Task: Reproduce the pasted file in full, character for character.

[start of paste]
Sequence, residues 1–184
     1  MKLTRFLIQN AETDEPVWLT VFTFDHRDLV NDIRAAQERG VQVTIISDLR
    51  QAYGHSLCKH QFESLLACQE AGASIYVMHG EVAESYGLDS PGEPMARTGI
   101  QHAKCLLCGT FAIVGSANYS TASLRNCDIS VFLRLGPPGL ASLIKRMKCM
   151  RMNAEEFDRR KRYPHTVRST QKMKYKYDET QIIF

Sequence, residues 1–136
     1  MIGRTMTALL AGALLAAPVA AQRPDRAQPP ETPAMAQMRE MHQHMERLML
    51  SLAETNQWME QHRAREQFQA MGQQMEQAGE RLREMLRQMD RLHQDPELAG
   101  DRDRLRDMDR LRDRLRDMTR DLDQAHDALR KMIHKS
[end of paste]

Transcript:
Sequence, residues 1–184
     1  MKLTRFLIQN AETDEPVWLT VFTFDHRDLV NDIRAAQERG VQVTIISDLR
    51  QAYGHSLCKH QFESLLACQE AGASIYVMHG EVAESYGLDS PGEPMARTGI
   101  QHAKCLLCGT FAIVGSANYS TASLRNCDIS VFLRLGPPGL ASLIKRMKCM
   151  RMNAEEFDRR KRYPHTVRST QKMKYKYDET QIIF

Sequence, residues 1–136
     1  MIGRTMTALL AGALLAAPVA AQRPDRAQPP ETPAMAQMRE MHQHMERLML
    51  SLAETNQWME QHRAREQFQA MGQQMEQAGE RLREMLRQMD RLHQDPELAG
   101  DRDRLRDMDR LRDRLRDMTR DLDQAHDALR KMIHKS